Passion for positive thinking

Laura McCardle
Tuesday, June 24, 2014

Laura McCardle meets Jane Slowey, chief executive of the Foyer Federation.

Jane Slowey: “Government will always label young people as vulnerable rather than starting with a vision of what life should be like.” Kiti Swannell
Jane Slowey: “Government will always label young people as vulnerable rather than starting with a vision of what life should be like.” Kiti Swannell

After a decade at the helm of an organisation, some leaders can become a little battle-hardened and jaded. But Jane Slowey, who will mark 10 years as chief executive of the Foyer Federation in September, is positively brimming with energy, her passion for young people's issues seemingly undimmed.

"The world around young people has changed dramatically during that time and I think it is more challenging to grow up in the 21st century than it was, for example, when I grew up," says Slowey, who was awarded a CBE in 2009 for her championing of the rights of disadvantaged children.

"The challenges with the changing world in terms of the environment, information and employment are massive for young people."

The federation, a not-for-profit organisation, designs and creates campaigns and initiatives for a network of 120 Foyers - accredited learning and accommodation centres where 16- to 25-year-olds can access housing, learning, training and employment opportunities - with the key aim to find the talent potential in every single young person it works with.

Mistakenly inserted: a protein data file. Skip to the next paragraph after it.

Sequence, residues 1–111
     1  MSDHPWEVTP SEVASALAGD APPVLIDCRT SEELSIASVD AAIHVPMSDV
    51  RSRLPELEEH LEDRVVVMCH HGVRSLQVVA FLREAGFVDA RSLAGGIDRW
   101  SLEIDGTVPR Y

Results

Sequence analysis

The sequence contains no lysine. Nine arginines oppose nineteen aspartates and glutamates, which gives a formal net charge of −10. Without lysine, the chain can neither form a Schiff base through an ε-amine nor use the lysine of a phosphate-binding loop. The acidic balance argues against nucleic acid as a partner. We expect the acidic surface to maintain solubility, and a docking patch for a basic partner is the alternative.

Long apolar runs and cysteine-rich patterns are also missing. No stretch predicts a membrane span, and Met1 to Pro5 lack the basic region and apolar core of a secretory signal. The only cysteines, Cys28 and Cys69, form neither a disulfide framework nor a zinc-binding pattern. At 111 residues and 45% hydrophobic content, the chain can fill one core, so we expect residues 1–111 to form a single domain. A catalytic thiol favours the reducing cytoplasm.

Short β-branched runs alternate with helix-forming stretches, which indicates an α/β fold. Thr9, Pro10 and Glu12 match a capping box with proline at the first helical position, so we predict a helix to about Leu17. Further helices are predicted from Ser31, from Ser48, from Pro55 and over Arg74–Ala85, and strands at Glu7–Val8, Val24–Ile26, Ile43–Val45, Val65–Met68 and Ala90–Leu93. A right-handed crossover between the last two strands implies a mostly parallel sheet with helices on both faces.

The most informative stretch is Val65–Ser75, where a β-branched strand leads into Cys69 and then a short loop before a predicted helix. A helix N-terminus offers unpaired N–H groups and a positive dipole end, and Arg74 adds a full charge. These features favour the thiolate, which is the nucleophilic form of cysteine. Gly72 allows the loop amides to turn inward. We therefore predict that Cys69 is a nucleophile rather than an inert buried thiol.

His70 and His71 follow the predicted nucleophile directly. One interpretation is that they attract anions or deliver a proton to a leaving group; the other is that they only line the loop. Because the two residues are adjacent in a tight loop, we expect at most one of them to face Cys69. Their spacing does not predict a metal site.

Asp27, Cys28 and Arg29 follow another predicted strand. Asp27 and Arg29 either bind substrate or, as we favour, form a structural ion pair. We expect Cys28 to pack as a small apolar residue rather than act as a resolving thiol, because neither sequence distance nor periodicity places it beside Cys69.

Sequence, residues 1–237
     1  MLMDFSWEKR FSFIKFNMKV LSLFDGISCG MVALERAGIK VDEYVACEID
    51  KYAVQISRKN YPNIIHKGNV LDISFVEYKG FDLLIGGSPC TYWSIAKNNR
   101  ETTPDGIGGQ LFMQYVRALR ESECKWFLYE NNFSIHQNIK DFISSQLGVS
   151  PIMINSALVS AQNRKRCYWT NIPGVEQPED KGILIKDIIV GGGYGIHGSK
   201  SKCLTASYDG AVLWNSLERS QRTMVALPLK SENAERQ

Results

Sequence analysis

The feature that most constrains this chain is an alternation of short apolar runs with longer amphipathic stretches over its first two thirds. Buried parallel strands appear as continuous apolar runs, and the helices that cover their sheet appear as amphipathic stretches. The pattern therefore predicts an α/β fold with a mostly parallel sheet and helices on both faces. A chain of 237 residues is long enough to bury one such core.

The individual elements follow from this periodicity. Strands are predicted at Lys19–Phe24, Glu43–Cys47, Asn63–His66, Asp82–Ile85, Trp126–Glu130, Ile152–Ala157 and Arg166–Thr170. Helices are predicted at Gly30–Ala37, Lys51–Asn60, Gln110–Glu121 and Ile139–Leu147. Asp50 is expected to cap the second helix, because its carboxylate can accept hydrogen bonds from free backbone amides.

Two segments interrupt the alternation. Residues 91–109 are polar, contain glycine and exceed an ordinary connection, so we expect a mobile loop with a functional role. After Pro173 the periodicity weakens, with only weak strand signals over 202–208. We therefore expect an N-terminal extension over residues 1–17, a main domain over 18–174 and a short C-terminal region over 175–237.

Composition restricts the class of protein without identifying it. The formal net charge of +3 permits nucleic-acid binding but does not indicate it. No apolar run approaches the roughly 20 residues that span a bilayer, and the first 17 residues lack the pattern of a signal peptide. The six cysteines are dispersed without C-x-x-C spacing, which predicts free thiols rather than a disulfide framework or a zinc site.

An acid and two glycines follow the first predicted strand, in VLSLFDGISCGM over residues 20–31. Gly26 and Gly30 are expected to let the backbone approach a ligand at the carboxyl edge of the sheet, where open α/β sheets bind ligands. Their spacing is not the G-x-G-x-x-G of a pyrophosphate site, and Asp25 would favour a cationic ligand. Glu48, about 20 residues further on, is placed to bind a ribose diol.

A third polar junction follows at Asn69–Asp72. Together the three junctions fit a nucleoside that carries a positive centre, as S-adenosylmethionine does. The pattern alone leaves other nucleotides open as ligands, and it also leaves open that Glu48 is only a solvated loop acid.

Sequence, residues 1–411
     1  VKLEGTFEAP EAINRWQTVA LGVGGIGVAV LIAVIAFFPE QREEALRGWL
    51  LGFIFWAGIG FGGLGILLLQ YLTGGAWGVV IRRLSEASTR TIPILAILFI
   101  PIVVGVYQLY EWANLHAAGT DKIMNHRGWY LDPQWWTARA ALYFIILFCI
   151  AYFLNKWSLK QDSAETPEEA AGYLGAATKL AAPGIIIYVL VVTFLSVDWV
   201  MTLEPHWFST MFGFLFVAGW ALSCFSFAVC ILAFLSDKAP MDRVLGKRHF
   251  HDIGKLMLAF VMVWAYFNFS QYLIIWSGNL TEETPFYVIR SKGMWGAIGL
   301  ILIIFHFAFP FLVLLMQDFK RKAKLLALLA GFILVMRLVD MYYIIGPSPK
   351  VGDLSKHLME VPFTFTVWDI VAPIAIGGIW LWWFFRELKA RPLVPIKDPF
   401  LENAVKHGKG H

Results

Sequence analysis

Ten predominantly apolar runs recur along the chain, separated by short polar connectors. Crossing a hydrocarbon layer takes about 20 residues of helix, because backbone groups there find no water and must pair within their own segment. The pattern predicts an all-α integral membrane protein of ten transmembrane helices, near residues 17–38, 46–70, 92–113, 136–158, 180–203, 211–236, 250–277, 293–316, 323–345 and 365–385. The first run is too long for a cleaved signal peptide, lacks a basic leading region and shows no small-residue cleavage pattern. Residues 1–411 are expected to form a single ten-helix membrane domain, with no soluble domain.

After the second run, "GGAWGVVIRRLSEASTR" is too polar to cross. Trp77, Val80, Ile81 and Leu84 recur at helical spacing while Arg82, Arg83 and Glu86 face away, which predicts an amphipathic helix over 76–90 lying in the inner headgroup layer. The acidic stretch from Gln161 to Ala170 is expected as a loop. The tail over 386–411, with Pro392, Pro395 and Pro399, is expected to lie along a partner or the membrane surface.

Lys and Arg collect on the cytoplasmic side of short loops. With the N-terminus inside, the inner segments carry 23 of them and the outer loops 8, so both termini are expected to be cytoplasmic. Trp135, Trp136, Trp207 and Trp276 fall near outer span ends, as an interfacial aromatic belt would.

This ambitiously positive outlook taken by the organisation reflects Slowey's personality and encapsulates the "advantaged thinking" ethos she has been championing over her tenure at the federation.

Slowey says too many youth policies, services and organisations immediately view young people as a deficit – something she is clearly frustrated by – and says it is vital that society invests in unleashing their potential instead.

"We start from the point that all young people have talent potential and as a society we have a vision for what life can be like for all young people, but actually what we do is have ambition and make investment in some young people rather than others," she says.

"We have been developing our own talent and advantaged thinking concept for five or six years now and one of the things that started us on that journey was what a smooth transition into adulthood looks like."

Slowey says there is a "huge social injustice" in the opportunities afforded to different groups of young people moving from adolescence to adulthood, and uses an analogy between those who attend university and those who do not.

She says the investment that goes into supporting students through university, the networks available to them and the opportunities university presents means they are able to develop a resilience that helps them tackle the challenges of early adulthood. In contrast, young people who do not go to university do not have the same support or investment and often become "stuck".